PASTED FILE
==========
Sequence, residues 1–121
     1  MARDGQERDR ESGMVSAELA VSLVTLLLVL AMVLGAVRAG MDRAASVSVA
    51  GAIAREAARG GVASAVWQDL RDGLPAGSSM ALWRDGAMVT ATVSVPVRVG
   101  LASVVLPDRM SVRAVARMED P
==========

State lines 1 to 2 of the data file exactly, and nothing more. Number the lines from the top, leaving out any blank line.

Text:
Sequence, residues 1–121
     1  MARDGQERDR ESGMVSAELA VSLVTLLLVL AMVLGAVRAG MDRAASVSVA